Thanks for the questions @behavioralintervention.
I am very familiar with the Social Thinking program by Michelle Garcia Winner and her colleagues. I use her materials in a lot of my direct instruction teaching of youth with various social-communication difficulties. I think of it more as a curriculum versus a treatment package. While the Social Thinking package in isolation is not considered an evidence-based practice, it is based on evidence and research in the area of social cognition. It would be hard to tease out the curriculum effects from the teaching effects as many instructional methods and resources are used (e.g., cartooning, role play and rehearsal, social scripting and narratives, priming, practice and feedback, etc.) - some of which are behaviour analytic in nature.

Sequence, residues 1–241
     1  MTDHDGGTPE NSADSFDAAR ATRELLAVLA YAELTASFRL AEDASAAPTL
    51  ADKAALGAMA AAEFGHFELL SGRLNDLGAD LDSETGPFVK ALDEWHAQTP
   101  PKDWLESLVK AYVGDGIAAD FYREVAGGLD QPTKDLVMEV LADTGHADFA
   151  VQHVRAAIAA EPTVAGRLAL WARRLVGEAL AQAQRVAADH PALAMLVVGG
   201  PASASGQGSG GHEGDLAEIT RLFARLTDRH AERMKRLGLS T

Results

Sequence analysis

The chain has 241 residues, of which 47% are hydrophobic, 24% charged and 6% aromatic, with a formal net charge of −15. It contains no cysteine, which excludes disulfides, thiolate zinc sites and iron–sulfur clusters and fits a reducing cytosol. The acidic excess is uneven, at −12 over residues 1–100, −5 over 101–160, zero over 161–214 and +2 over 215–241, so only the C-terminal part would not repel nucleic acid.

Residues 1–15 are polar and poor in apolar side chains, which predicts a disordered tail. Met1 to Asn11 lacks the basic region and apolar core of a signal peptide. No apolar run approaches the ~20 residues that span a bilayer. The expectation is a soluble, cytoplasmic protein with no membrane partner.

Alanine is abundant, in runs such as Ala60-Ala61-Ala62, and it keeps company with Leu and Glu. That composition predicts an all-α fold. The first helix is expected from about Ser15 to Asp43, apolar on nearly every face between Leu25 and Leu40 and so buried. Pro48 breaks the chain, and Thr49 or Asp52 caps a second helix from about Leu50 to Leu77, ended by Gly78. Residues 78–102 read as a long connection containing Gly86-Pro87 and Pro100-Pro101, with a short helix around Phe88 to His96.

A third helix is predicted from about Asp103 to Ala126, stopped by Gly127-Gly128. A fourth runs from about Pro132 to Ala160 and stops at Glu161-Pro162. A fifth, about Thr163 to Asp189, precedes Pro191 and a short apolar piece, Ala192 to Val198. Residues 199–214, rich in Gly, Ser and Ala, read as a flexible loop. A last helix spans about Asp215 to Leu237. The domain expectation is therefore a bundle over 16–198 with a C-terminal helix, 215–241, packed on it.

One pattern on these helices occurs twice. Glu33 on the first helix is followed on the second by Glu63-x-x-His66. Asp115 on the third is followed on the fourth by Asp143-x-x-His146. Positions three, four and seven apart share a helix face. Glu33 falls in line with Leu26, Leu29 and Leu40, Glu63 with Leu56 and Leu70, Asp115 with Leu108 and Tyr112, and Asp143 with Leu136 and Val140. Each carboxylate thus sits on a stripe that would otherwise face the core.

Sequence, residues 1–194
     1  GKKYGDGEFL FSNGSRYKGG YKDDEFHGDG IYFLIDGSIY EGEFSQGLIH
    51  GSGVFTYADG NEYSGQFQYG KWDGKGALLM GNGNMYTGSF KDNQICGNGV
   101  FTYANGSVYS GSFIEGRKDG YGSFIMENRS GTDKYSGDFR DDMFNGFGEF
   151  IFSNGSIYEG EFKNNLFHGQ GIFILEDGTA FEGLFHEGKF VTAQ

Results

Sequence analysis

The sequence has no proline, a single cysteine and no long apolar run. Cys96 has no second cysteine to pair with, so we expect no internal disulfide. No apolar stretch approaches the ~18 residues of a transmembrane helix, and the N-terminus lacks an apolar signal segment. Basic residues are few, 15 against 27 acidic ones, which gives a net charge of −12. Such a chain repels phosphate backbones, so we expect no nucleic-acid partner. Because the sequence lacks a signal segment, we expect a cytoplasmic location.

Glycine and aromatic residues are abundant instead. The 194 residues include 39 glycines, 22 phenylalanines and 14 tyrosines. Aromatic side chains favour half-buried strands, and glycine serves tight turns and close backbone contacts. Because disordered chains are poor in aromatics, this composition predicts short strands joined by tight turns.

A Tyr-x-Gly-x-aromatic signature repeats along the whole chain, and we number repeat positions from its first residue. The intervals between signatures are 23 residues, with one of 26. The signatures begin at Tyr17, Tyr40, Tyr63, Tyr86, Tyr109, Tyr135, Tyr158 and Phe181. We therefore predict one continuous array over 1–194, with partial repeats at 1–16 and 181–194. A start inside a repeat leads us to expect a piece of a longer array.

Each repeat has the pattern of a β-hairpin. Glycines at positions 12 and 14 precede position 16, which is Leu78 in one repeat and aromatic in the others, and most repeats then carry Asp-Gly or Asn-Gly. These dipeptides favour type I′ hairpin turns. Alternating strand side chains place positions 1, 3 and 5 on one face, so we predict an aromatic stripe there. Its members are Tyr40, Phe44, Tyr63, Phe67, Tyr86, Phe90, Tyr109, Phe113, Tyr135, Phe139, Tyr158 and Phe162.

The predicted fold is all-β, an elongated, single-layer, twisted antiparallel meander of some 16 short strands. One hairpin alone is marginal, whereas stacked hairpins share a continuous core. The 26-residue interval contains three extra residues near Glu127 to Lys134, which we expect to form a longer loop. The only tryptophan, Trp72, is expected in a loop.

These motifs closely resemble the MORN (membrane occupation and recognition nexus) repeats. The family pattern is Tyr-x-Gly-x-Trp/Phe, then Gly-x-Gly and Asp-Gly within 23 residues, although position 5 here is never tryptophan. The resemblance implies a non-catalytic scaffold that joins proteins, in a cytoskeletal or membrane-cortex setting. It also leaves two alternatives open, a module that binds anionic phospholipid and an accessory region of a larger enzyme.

Overall, I think it is a good curriculum that can be applied as part of the social skills teachings provided to our learners. What I find missing in a lot of social skills programming/teaching is the emphasis on the contextual cues. The subtle differences in the environment result in a different set of behaviours that are expected and acceptable given the context. The Social Thinking materials (and others e.g., Social Stories) hit on these aspects. It gets away from the rule-based learning of social skills (“I have to share with my friends”) and attempts to present the why of social skills - related to the context (which is antecedent in nature) and the perspectives of others (which is consequential in nature). However, a social behaviour still has to “work” or be reinforced in order to be learned. I try to bring attention to the naturally occurring sources of reinforcement (if they are indeed reinforcing to our learner) through feedback; however, additional reinforcers and self-monitoring might be necessary in the beginning stages of teaching. These would eventually be faded in favour of the reinforcement which can be delivered by peers in the natural environment.